Researchers find evidence of
second genetic code
and mapping the human genome was the first essential step for
scientists to study where genes for diseases such as cancer are
located. But in studies to identify the complex factors that make
those genes active or inactive, molecular genetic researchers
at the University have discovered a new area outside the DNA itself
that may show existence of another type of genetic code.
four articles published in the Aug. 10 issue of the journal Science,
U.Va. researchers and collaborators at the National Institutes
of Health (NIH) and Cold Spring Harbor Laboratory in New York,
as well as the Research Institute of Molecular Pathology at the
Vienna Biocenter in Austria, describe how proteins called histones,
around which the DNA is coiled, form a structure called chromatin
and provide sites where additional gene regulation appears to
occur, acting, in effect, as a master on/off switch.
David Allis, U.Va. Byrd Professor of Biochemistry and Molecular
Genetics, explains that the scientific community has known for
some time that the location of specific genes within chromatin
appears to determine whether that gene is on or off.
The DNA in our cells is not naked, and as a consequence
of its form in chromatin, it makes a difference in what kind of
chromatin neighborhood a particular gene finds itself.
a gene is located in a bad neighborhood, so to speak,
it will likely become silenced, and if that gene is a cancer-preventing
gene, this change in expression may cause disease, Allis
said. If the same gene is located in a good chromatin
neighborhood where its turned on, then the disease is less
likely to be expressed.
a gene that may cause the development of a disease like cancer
may be located in an area of the chromatin where its switched
off, and therefore this may be effective for stopping the disease.
The most remarkable part is that some changes in expression occur
without any changes in the DNA itself, which simply carries our
genetic information waiting to be expressed. Our research is attempting
to understand what we have referred to as a histone code
how chemical changes affecting the histone proteins affect
gene expression and could eventually lead to the development
of highly targeted and highly effective therapies for disease
control through gene regulation.
Science papers describe a process called methylation, wherein
a chemical methyl group is added to histones. The studies suggest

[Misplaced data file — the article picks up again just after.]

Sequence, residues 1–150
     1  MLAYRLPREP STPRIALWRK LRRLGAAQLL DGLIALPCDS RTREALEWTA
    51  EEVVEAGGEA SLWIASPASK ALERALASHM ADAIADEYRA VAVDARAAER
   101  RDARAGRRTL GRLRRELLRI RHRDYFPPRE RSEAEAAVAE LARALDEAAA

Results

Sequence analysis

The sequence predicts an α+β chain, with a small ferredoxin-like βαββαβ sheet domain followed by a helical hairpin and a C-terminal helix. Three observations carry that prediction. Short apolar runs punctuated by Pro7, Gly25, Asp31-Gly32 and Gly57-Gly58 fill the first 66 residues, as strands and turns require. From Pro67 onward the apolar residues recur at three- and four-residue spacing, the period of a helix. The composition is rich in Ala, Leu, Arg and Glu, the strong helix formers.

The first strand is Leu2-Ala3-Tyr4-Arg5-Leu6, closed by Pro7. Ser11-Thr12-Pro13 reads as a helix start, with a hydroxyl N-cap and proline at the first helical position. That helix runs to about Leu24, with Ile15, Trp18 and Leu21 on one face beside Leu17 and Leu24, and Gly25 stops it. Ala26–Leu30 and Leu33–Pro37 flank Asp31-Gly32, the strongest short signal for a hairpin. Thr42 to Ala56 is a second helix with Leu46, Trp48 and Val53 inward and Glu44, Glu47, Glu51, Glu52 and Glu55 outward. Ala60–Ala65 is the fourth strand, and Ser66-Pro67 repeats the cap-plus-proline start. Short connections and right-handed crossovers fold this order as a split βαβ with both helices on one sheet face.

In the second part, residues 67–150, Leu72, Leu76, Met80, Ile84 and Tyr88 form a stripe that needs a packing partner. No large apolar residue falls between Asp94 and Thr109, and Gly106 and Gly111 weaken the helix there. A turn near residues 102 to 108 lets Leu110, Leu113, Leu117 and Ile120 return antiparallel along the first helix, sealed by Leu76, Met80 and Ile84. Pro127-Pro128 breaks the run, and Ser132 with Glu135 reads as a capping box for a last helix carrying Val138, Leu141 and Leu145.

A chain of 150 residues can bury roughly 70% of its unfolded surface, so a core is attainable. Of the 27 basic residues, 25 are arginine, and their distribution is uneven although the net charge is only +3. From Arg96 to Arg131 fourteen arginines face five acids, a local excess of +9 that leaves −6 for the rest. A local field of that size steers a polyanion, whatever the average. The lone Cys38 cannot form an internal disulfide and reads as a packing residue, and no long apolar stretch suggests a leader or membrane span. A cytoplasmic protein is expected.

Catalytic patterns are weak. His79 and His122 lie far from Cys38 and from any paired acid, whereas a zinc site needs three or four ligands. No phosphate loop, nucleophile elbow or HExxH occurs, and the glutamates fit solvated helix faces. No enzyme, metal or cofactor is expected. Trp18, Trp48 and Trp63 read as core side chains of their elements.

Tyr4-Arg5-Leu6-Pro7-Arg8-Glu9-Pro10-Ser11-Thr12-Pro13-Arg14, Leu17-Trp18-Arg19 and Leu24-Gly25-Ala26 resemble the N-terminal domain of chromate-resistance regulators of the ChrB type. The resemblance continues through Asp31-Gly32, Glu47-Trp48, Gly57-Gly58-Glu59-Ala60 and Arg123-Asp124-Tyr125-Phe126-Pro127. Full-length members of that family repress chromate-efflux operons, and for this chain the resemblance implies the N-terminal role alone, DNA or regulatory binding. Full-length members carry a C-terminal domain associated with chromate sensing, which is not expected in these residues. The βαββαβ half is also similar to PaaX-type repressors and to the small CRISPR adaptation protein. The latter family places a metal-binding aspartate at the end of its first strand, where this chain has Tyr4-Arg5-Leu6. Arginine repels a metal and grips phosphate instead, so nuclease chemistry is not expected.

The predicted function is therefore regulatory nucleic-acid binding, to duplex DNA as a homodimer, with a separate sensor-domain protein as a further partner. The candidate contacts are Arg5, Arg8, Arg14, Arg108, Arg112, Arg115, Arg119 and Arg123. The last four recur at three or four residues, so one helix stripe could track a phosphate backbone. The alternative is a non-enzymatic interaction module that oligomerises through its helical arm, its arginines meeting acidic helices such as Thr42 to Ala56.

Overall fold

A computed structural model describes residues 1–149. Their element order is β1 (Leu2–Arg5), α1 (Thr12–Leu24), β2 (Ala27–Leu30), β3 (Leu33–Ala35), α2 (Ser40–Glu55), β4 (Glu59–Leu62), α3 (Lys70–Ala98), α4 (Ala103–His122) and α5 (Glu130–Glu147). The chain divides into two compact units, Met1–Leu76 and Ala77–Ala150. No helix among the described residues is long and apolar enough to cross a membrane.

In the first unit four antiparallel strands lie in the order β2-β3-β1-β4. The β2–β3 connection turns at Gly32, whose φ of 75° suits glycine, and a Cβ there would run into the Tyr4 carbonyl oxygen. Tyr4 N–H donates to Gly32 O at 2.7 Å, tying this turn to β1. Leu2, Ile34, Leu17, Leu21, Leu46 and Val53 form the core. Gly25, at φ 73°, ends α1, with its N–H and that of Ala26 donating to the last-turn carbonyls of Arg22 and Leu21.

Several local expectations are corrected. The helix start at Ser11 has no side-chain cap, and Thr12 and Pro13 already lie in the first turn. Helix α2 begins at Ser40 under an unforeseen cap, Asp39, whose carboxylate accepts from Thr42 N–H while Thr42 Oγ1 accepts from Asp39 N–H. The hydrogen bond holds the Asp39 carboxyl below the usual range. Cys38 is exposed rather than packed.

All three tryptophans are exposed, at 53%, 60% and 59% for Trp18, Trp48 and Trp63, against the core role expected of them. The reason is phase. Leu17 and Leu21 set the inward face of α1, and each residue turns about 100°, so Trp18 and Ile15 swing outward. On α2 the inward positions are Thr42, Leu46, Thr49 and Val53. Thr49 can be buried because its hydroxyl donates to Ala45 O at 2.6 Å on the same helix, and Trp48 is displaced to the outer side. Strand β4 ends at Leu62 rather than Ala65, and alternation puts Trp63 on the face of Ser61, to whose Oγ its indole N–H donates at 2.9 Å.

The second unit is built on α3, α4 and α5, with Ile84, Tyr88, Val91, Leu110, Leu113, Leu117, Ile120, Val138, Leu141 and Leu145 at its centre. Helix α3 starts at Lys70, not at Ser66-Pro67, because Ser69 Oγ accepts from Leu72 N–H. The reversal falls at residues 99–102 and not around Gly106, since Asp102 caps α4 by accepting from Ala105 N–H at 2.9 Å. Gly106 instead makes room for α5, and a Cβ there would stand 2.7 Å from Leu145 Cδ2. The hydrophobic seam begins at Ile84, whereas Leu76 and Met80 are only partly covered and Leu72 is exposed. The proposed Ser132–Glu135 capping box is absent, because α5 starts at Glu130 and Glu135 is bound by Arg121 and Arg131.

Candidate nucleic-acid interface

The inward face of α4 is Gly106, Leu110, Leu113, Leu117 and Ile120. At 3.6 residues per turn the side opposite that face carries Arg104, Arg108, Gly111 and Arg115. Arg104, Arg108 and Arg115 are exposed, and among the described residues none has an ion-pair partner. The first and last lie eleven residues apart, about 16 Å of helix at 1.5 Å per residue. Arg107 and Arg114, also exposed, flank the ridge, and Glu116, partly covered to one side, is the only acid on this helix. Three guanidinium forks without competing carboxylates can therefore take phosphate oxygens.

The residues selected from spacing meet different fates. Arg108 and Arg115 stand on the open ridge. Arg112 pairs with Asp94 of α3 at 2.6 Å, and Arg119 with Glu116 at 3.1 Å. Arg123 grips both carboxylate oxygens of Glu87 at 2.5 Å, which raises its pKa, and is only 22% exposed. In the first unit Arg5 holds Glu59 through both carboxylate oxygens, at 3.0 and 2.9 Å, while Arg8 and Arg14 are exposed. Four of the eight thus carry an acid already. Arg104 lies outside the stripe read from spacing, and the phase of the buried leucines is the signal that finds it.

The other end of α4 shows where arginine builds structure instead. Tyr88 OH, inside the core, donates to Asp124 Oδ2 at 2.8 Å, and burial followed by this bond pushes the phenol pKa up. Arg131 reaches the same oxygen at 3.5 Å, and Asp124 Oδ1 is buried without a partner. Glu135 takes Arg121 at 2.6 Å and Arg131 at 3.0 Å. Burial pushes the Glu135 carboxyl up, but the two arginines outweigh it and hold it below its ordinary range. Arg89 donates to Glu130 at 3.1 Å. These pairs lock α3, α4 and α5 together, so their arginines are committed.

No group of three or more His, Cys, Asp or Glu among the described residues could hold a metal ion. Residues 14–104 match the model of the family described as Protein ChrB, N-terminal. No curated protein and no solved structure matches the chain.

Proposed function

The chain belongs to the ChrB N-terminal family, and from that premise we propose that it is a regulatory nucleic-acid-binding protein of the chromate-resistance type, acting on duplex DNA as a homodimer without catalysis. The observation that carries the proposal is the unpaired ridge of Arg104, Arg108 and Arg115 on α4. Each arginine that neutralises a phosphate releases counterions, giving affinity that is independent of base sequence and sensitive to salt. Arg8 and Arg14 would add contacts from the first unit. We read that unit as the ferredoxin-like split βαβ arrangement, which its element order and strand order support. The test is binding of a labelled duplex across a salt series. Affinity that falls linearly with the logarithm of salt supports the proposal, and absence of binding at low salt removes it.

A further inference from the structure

that exactly where the methylation mark appears in the histone
proteins makes a big difference.
these studies suggest that methylation of histones can act like
a master on/off switch that is indexing our genome
in ways that we have only begun to appreciate, according to Allis.
cell is somehow making choices about using histone methylation
to turn a gene on or off, said Allis, who co-authored several
of the research articles along with a review on this topic with
Thomas Jenuwein of the Vienna Biocenter. We believe that
what is telling the cell to make those choices is an overall code
that may significantly extend the information potential of the
genetic DNA code itself.
some time, we have known that there is more to our genetic blueprint
than DNA itself. We are excited that we are beginning to
decipher a new code, what is referred to as an epigenetic histone
their article, Translating the Histone Code, the authors
discuss how such a code is translated into biological functions.
we know how to control which genes we want to turn on or off,
we might be able to reduce disease risk, Allis said. For
example, we could turn off genes that promote tumor growth to
help prevent cancer development, and turn on other genes that
has co-authored several studies that show evidence that histone
methylation is at the heart of this common on/off switch. In a
second article in todays issue of Science, Allis and two
scientists at Cold Spring Harbor Laboratory, show that the on-off
system works with large blocks of chromatin in yeast. A group
at NIH has obtained similar data supporting these conclusions
using the expression of blood-forming genes in the chicken for
experiments suggest that the same system is at work in human cells
where it seems to control gene expression phenomena that include
X inactivation and imprinting, processes where whole chromosomes
or domains within chromosomes are selectively turned off during
these data indicate that this switch or indexing system for our
genome is most fundamental, existing in even the simplest genetic
organisms like yeast, and has not changed dramatically with mammalian
evolution, Allis said. The link between histone methylation
and defects in human imprinting demonstrate clearly that human
disease is tied to mistakes made in this marking system.
evidence is beginning to link alterations in chromatin structure
to cell cycle progression, DNA replication, DNA damage and its
repair, recombination and overall chromosome stability,
Allis said. If this histone code hypothesis is correct and
an on/off master switch exists for genes that are housed in chromatin,
the implications for human biology and disease, including cancer,
stem cell biology and aging, are far-reaching.